How to Mind Your Manners With Email Etiquette

Communicate clearly and avoid common email annoyances

Despite the proliferation of online communication methods, email remains the most popular, with nearly 300 billion emails sent every day in 2019. Whether you’re new to email or just using it for decades, be sure to follow the rules of email etiquette.

Nick Reiter / Thread of Life

Check your message before sending it

After you’ve entered your recipients’ addresses, created an appropriate subject line, crafted your message, and attached some supporting documents, go back and make sure you’ve done everything correctly:

  • Read the message again. Is something unclear? Are there any grammatical errors or typos? Did you say everything you wanted to say?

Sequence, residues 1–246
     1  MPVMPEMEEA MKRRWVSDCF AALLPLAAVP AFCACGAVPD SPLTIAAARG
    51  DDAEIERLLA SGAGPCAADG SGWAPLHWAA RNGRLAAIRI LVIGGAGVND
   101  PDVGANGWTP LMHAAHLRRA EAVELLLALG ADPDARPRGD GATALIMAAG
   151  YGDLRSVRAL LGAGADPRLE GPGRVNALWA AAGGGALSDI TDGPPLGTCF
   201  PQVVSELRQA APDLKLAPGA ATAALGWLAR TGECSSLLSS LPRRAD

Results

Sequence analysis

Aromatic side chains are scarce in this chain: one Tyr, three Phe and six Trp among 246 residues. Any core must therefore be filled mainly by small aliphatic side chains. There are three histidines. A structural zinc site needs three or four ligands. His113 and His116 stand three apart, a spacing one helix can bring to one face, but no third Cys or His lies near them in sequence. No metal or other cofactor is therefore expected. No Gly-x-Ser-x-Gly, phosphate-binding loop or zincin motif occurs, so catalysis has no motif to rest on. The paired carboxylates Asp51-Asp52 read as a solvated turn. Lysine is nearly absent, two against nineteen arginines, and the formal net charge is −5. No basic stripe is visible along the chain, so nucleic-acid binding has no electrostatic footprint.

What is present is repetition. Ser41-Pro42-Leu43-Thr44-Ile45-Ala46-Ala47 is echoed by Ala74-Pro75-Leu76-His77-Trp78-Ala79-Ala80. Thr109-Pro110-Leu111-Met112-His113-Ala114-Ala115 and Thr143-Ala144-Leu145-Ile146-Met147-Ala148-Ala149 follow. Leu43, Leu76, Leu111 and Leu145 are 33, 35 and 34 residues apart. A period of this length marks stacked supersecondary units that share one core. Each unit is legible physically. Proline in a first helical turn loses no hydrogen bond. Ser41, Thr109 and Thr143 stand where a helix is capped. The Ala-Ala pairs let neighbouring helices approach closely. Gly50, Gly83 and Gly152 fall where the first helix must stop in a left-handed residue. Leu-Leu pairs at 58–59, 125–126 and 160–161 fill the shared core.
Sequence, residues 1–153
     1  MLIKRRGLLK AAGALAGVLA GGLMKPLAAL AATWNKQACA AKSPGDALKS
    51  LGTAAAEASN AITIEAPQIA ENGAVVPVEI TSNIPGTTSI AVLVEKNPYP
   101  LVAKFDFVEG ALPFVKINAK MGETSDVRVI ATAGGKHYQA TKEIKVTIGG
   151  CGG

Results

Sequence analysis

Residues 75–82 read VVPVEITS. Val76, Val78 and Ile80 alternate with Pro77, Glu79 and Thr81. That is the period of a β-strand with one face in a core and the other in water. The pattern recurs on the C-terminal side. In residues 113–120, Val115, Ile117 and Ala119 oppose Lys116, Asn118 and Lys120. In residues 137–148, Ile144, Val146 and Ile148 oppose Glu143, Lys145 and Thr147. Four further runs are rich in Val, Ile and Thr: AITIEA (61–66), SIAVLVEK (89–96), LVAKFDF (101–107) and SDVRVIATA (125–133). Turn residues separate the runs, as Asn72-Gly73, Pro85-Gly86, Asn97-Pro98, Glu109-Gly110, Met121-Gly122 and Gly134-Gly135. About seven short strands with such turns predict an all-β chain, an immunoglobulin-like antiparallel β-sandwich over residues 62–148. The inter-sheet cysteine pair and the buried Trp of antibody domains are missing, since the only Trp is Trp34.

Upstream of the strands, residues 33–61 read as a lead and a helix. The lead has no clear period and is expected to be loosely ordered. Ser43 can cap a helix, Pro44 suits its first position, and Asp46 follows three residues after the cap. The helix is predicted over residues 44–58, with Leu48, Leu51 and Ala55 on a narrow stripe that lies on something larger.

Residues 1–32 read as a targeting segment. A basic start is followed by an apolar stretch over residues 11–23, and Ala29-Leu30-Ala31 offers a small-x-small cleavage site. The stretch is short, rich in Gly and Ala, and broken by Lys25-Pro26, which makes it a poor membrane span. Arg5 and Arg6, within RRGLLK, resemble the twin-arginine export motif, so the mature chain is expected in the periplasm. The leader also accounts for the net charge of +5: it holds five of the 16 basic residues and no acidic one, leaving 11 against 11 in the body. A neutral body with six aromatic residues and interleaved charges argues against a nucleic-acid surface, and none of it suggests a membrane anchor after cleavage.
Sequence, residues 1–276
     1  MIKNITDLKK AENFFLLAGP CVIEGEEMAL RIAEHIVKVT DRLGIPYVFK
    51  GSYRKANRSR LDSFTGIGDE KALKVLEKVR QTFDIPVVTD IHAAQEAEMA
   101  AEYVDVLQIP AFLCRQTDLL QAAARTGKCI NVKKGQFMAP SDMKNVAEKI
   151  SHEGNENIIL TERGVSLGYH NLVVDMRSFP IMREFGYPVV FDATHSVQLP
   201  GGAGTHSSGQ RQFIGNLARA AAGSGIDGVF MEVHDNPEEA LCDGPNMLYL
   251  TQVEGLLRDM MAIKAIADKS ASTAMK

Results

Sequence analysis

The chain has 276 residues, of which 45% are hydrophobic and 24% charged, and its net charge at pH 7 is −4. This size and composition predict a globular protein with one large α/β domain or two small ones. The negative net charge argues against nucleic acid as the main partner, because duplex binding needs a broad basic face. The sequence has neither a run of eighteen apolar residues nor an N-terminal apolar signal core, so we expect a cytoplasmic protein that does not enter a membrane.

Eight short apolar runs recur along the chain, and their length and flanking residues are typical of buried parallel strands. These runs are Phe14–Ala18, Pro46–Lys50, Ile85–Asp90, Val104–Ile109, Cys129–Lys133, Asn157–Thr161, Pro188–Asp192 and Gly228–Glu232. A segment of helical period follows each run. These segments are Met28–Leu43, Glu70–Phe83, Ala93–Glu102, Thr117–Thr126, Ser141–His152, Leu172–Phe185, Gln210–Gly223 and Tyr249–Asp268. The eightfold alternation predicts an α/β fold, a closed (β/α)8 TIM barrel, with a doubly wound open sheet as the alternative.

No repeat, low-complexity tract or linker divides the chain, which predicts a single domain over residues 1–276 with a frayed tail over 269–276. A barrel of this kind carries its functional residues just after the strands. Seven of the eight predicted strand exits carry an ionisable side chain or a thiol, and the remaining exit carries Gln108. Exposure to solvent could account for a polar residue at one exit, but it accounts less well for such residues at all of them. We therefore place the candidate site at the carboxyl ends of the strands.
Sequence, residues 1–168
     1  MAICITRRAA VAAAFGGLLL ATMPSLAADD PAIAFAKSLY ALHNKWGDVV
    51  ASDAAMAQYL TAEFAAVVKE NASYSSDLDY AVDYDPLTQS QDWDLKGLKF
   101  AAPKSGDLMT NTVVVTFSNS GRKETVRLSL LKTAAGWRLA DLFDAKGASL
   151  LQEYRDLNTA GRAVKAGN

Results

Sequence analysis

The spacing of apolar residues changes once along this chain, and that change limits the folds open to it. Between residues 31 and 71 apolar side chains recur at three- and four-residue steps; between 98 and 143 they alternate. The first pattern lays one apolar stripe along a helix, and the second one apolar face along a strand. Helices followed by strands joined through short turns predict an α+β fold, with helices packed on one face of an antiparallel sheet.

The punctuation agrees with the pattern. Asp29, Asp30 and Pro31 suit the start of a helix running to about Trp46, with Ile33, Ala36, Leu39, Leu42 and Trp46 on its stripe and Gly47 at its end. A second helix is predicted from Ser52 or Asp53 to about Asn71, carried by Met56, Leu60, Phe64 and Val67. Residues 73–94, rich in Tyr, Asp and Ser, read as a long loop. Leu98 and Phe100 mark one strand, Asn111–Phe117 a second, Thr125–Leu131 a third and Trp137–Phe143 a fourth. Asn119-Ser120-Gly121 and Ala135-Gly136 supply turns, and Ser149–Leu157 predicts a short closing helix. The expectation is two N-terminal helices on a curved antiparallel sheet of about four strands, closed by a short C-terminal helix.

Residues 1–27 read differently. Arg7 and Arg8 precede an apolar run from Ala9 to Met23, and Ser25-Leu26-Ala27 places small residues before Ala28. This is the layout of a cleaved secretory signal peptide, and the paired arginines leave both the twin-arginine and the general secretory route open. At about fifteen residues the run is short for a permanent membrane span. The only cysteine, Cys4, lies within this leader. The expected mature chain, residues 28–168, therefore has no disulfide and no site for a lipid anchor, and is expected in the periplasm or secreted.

• Check your sources. Would a link to an outside source clarify your meaning? Would a link help your recipient quickly find a website?
  • Look at the names of the recipients. Did you miss an important person who needs to see the message? Did you add someone who shouldn’t see the message?
  • look at your address. If you have more than one, be sure to send the message from the most appropriate message for the subject of the message.
  • Determine message priority. Should the message be marked as important?
  • Add supporting documents. Did you forget the attachments?

Don’t always reply to everyone

You need to know when and when not to respond to all group emails. If everyone in the original email (the one you’re replying to) needs to know what you have to say, use Reply All.

For example, Person A sends an email to you and Person B with ideas on how to celebrate your boss’s 10th anniversary in the company. Your answer is relevant to both Person A and Person B, so use Reply All to respond to both.